I am sitting at my desk in a nearly empty office on a December evening, feeling the sort of directionless melancholy that tends to take hold as the holiday season sets in, listening to a video of a gentle Russian woman whispering in my ear about how much she cares about my relaxation.
“You are appreciated,” she says, making scratching noises into a microphone so it sounds like she’s scratching my head. “I would like to protect you, to comfort you, to help you relax and forget about your trouble, whatever it is.”
I’ve got to be honest, it feels like a pretty weird and lonely thing to do.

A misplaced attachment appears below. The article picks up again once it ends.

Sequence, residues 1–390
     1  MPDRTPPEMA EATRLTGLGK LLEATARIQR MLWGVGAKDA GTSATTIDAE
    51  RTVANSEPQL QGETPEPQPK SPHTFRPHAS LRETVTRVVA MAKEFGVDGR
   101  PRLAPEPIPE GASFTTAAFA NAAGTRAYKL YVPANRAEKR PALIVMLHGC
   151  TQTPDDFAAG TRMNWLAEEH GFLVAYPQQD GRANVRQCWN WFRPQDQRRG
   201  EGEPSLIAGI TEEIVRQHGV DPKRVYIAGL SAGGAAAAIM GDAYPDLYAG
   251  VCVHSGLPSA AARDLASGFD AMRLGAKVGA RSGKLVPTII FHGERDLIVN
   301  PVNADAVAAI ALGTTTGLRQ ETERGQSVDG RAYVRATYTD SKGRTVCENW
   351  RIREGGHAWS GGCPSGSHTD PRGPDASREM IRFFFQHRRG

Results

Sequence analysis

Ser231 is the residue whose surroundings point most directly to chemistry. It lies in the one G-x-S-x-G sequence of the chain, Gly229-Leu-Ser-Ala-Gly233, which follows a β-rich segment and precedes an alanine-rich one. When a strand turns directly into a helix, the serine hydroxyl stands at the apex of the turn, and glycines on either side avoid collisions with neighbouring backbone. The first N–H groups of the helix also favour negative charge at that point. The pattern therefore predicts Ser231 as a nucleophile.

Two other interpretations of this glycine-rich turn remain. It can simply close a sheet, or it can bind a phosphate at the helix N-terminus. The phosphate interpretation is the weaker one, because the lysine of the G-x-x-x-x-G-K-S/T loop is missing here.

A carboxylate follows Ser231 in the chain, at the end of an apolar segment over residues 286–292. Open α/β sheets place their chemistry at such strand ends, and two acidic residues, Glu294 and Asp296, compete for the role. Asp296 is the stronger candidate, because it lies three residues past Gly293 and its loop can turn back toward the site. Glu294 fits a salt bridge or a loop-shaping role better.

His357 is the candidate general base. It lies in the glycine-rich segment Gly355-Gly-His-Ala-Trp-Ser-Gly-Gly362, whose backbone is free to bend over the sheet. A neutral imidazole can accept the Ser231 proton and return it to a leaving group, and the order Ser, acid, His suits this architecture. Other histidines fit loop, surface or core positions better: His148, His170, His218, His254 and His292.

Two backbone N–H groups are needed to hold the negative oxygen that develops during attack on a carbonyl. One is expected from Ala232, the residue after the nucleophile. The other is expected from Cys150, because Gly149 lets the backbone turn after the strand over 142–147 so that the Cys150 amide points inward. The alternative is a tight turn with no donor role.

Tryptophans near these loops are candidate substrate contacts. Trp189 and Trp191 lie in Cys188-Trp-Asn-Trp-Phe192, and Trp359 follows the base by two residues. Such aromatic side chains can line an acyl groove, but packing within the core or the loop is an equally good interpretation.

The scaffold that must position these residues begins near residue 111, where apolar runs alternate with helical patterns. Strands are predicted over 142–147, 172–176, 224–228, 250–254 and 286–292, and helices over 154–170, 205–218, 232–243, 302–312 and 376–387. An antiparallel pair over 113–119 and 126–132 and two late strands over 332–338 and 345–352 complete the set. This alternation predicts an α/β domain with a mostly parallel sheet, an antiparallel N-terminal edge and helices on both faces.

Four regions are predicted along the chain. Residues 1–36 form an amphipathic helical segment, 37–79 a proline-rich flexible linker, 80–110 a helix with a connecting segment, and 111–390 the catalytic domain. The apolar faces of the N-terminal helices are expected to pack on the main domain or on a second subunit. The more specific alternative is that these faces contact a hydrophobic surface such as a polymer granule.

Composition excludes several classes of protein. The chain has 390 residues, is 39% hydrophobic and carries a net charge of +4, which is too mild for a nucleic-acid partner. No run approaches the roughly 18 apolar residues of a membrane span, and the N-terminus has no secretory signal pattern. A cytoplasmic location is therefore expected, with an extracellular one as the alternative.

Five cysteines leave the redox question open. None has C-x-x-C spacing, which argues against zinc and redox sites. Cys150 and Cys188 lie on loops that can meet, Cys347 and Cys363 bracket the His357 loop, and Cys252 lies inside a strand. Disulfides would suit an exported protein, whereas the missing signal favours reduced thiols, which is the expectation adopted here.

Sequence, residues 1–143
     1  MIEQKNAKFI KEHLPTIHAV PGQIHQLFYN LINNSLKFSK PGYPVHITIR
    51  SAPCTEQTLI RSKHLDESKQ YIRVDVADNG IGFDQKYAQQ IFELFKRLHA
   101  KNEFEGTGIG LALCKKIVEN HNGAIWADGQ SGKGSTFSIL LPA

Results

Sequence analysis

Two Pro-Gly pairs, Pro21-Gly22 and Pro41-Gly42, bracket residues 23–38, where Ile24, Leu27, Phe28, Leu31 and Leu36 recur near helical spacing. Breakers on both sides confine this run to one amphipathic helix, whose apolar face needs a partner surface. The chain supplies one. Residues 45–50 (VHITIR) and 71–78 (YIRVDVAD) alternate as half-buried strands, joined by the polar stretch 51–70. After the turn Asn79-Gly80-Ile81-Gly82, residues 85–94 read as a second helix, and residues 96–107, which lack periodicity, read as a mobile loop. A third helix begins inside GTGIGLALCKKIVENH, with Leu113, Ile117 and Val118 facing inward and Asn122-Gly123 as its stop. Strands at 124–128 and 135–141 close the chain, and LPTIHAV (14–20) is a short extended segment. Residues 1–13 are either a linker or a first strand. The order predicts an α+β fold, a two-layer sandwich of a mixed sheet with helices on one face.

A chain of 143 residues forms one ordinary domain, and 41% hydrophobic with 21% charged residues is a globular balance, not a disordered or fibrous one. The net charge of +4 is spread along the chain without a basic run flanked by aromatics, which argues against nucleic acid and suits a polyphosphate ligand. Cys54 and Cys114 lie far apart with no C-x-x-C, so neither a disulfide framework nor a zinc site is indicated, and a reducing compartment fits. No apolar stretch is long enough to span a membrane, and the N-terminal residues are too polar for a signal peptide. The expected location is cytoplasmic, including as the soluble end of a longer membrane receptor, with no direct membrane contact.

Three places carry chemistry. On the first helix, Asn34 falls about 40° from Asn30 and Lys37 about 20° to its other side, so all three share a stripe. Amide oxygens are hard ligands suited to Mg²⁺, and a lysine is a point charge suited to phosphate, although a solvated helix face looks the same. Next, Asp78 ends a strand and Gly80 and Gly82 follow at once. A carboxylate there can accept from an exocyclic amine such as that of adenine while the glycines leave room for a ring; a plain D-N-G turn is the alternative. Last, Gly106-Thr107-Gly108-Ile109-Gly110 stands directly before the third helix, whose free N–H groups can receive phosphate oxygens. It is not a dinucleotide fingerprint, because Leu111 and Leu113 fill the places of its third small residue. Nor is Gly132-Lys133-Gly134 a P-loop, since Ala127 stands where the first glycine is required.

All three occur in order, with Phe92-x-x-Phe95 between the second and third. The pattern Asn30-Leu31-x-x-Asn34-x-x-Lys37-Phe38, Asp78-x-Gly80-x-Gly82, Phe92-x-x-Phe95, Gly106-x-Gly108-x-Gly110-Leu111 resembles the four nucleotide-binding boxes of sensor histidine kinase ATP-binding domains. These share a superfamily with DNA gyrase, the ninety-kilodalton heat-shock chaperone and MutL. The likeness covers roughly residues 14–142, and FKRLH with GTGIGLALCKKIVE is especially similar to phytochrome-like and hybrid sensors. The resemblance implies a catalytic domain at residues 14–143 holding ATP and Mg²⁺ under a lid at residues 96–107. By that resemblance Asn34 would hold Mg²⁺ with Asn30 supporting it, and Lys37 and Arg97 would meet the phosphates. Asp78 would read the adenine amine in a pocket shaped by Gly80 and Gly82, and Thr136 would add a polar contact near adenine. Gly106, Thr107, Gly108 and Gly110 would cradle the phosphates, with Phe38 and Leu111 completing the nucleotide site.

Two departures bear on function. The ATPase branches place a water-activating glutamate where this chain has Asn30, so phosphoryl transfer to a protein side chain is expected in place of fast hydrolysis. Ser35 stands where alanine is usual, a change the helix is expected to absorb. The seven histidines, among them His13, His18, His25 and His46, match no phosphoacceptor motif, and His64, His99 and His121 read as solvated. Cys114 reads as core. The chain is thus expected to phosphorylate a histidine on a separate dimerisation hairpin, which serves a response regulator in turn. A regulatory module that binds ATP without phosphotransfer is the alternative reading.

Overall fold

But the video doesn’t work on me the way it’s supposed to. For many of her fans, Maria’s voice causes a sensation the Internet has dubbed ASMR—autonomous sensory meridian response. Those who get ASMR describe the experience as a tingling inside their heads, or a head rush. Sometimes the sensation extends down their backs or limbs. It’s often referred to as a brain-gasm, but counterintuitively, it’s also supposed to be relaxing, a mellow feeling. Some people watch the videos to help them sleep at night. And even without the tingles, it is sort of relaxing, if you can get past the dissonance of someone whispering in your ear while you scroll through Twitter in your cubicle, or whatever.
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